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Linux 2.6.26 Out

CmdrTaco posted more than 5 years ago | from the kernel-about-town dept.

Linux 288

diegocgteleline.es writes "After three months, Linux 2.6.26 has been released. It adds support for read-only bind mounts, x86 PAT (Page Attribute Tables), PCI Express ASPM (Active State Power Management), ports of KVM to IA64, S390 and PPC, other KVM improvements including basic paravirtualization support, preliminary support of the future 802.11s wireless mesh standard, much improved webcam support thanks to a driver for UVC devices, a built-in memory tester, a kernel debugger, BDI statistics and parameters exposure in /sys/class/bdi, a new /proc/PID/mountinfo file for more accurate information about mounts, per-process securebits, device white-list for containers users, support for the OLPC, some new drivers and many small improvements. Here is the full list of changes."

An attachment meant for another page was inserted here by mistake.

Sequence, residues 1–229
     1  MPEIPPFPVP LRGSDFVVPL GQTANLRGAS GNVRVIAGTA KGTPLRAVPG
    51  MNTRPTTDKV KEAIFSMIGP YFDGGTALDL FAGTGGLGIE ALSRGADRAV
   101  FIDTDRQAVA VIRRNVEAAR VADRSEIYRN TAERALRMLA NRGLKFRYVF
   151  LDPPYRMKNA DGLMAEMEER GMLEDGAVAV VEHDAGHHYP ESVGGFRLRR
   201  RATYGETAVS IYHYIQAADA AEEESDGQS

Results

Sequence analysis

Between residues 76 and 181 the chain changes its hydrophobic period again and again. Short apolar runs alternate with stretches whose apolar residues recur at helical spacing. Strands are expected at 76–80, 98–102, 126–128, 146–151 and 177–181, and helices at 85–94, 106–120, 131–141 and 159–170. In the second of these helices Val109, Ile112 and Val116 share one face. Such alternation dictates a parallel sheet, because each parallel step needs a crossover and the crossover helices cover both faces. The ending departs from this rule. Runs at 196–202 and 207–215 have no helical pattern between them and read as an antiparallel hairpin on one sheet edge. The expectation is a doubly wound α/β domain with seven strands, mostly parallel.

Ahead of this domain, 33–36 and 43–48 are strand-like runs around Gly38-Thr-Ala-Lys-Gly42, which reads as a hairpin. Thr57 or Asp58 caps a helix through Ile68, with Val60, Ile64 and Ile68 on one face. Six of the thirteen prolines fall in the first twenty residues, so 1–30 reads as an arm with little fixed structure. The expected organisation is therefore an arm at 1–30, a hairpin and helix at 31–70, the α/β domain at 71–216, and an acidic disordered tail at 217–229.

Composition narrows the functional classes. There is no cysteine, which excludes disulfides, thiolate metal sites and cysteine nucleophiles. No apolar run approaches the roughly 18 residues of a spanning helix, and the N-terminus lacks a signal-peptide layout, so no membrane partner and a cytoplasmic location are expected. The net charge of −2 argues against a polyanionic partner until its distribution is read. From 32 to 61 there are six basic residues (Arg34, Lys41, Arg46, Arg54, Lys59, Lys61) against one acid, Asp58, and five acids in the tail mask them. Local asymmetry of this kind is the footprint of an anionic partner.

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288 comments

init post (-1)

Anonymous Coward | more than 5 years ago | (#24180887)

first

Re:init post (5, Funny)

Anonymous Coward | more than 5 years ago | (#24181029)

Ugh, still no token ring support. And it's distributed under the GPL License. I think I'll recommend all my fortune 500 clients stick with windows server 2003.

Re:init post (4, Informative)

Anonymous Conrad (600139) | more than 5 years ago | (#24181243)

Ugh, still no token ring support.

It had token ring support circa 2000 and you can probably resurrect the drivers if you need it.